I had a busy day yesterday, despite the new medication which is giving me awful wind, I tracked down the following snippets of information,
Other information found and greatfully received yesterday and today include,
The largest and most exciting find, however, is the Victorian Library Reader Ticket of Robert D’Onston Stephenson, under the alias, Roslyn D’Onston Stephenson.
Jack the Ripper is huge on the internet, but it’s only when you dip your toes into the Social Networking sites that you realise how huge the case is. Facebook and Myspace all have dedicated areas for Ripperologists, Historians, and Crime buffs to gather and discuss the case, and Twitter has several Ripperologists posting updates, or Tweets, regarding the case and their research.
A search of Facebook’s ripper related pages brought up over 600 pages with ripper related content. Whilst some of them are laughable “I Love Jack” type pages, there are some that feature maps, photo’s and discussions on Jack the Ripper and his unfortunate victims.
I post my information about my local history, Jack the Ripper, and Paranormal research on Twitter, and found that it’s a great way to keep updated on local, national and international news, views and topics that are associated with the case.
You can follow me on Twitter here: http://twitter.com/MikeCovell
On Facebook here: http://www.facebook.com/profile.php?id=586989665
It has been a week of newspaper research and some great finds have been discovered especially on Frederick Bailey Deeming.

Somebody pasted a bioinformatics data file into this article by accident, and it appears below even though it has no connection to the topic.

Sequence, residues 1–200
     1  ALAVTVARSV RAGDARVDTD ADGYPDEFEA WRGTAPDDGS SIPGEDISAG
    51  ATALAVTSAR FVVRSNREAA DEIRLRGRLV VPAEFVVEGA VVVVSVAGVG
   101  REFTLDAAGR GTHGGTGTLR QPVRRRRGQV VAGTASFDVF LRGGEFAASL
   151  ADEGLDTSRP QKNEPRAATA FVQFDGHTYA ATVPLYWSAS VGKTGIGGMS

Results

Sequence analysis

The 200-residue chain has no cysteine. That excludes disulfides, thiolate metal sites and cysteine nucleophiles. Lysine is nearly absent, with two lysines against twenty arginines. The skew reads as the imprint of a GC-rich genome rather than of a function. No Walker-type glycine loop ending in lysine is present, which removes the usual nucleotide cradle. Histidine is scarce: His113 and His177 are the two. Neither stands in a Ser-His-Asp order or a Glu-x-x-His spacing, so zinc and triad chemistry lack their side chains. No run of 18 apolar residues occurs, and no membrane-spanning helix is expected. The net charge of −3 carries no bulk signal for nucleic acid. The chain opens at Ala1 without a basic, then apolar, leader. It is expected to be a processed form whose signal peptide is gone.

Over the past few days I have uncovered,
30 International Newspaper reports on Deeming’s bancruptcy trial in Australia in 1887
30 International Newspaper reports on Deeming’s trial for fraud in Australia in 1887-1888
12 National Newspaper reports on Deeming’s trial for fraud in Hull in 1890
45 Newspaper reports looking into the Hedon/Preston tragedy, some of which look at Deeming as being the assailant
It’s not all Deeming though. Over the course of the week I have also uncovered
12 National Newspaper reports on James and Florence Maybrick.
40 National Newspaper reports on the Baccarat Scandal.
40 National Newspaper reports on the Cleveland-street Scandal.
This week I have also taken delivery of 7 books that feature Robert D’Onston Stephenson, or in one case Stevenson, and each looks at his life and connection to the murders.
I received the following from WR. Park and would like to share it here,
WR.PARK’s latest novel, ‘Fatal Incision’ is being called the most ingenious and compelling account of the ‘Jack the Ripper’ mystery in over 121 years. However, be forewarned, after all it is a novel—but who is there to say it didn’t actually happen this way?